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Topics > Chickenpox

Chickenpox

Chickenpox is a contagious disease that results in a rash. It is preventable by vaccination.

Symptoms

  • sudden onset of slight fever, fatigue, loss of appetite
  • rashes that start as red pimples then turn into itchy blisters; rashes begin in the trunk then spread to the face, hands and legs
  • lesions in the mucous membranes of the mouth

Symptoms appear 2–3 weeks after exposure to the virus.

Who can get chickenpox disease?

Persons who are not immune to chickenpox can get the disease. Some children who have been vaccinated against chickenpox can have breakthrough chickenpox, which is generally mild with fewer skin lesions (usually less than 50) and lasting only a few days, with only low fever or no fever at all.

What is the treatment for chickenpox?

Check with your health care provider for management of chickenpox symptoms. Anyone younger than 20 years old should not take aspirin or aspirin-containing products for fever because of the risk of Reye syndrome. Instead, use acetaminophen for fever. Clip your child's fingernails to prevent scratching. Call your health care provider if any of these symptoms are present: vomiting, sleepiness or lethargy, severe headache, stiff neck.

How is chickenpox spread?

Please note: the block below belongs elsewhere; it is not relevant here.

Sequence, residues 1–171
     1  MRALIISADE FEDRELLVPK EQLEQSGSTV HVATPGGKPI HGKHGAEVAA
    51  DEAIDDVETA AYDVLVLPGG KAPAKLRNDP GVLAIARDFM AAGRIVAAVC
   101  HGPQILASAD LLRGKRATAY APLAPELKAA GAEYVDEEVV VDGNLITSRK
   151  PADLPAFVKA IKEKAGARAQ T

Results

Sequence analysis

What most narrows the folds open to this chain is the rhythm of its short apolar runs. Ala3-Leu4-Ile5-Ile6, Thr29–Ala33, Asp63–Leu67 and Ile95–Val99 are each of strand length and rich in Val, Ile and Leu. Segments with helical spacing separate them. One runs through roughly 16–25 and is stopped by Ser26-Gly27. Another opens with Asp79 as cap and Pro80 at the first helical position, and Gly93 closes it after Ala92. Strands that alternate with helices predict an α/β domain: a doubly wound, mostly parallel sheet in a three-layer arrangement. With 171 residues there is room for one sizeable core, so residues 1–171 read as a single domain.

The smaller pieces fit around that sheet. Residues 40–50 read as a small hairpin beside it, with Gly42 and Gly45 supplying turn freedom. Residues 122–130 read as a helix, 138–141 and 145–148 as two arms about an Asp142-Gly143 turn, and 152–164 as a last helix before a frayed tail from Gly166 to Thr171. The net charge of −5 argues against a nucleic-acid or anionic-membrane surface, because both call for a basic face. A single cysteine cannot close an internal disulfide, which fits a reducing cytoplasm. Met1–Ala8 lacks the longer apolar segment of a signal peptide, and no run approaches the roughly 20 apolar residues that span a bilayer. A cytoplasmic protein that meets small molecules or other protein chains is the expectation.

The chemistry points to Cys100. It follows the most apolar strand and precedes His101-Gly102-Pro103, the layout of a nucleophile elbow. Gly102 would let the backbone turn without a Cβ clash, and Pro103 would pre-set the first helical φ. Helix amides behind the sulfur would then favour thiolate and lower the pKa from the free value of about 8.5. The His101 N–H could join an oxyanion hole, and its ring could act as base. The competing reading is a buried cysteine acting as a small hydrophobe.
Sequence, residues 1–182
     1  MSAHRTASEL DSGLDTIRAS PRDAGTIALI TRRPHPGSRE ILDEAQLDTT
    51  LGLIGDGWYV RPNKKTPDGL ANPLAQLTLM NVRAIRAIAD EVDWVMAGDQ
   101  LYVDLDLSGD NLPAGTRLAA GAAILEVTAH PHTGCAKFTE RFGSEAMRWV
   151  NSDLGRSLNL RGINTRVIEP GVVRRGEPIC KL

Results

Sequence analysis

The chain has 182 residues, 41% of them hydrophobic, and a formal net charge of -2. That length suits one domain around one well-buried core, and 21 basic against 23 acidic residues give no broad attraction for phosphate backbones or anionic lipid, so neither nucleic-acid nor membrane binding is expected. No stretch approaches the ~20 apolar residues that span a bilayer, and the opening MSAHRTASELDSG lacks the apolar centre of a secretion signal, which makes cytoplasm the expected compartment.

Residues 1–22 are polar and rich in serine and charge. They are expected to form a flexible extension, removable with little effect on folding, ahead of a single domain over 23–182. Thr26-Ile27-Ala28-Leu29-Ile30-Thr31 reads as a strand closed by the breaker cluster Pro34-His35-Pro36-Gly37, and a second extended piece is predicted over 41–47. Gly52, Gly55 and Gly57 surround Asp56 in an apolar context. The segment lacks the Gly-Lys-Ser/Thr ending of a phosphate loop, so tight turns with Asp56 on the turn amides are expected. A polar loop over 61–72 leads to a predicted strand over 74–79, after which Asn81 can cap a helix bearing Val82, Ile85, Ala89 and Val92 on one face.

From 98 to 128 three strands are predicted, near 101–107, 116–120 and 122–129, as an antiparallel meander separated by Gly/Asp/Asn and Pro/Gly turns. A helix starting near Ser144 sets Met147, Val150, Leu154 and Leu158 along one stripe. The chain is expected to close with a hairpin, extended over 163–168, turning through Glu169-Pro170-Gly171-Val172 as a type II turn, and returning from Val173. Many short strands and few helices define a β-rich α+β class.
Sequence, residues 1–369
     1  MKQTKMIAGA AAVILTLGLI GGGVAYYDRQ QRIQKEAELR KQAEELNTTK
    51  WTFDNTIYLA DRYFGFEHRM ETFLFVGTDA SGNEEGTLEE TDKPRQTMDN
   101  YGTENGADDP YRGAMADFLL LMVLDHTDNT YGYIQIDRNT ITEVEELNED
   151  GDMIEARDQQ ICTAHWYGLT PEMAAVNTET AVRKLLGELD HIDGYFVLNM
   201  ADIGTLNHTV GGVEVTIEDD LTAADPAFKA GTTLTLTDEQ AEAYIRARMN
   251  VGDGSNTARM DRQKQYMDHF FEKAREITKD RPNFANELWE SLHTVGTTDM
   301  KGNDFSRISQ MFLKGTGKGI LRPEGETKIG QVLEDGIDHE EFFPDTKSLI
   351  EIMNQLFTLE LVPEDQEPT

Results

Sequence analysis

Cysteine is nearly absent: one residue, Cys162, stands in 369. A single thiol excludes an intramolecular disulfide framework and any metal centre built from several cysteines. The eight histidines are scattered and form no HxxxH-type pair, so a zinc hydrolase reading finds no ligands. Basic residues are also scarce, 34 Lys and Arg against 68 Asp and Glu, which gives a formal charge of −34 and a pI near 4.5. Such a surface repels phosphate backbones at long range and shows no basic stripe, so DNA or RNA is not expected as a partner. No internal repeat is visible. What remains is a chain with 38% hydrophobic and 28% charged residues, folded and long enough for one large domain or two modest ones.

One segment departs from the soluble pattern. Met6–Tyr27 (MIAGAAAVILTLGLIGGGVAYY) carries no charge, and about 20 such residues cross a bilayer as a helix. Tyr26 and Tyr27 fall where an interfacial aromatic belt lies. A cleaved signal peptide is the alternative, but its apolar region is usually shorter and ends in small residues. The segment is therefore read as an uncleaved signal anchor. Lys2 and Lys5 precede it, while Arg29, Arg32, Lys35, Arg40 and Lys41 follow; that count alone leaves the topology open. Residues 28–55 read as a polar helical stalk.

Chickenpox is highly contagious. Chickenpox is spread person-to-person by direct contact, or by airborne contact with nose and/or throat secretions of an infected person. It can also be spread by indirect contact with articles soiled by discharges from the lesions of the infected person. An infected person can spread the disease 1–2 days before and usually for 5 days after the rash appears.

How is chickenpox prevented?

  • Children should get 1 dose of chickenpox vaccine between 12 and 18 months of age or before 13 years of age if they have not had chickenpox disease.
  • Children aged 13 years or older and adults should get 2 doses of chickenpox vaccine, 4-8 weeks apart. Check with your health care provider for details.
  • Exclude infected children from daycare, school, public places and exclude infected adults from work until all rash has crusted, usually 5 days after they appear.
  • Contacts to a case of chickenpox should consult with their health care provider about receiving chickenpox vaccine; pregnant women exposed to chickenpox or who have symptoms of chickenpox should inform their health care provider.

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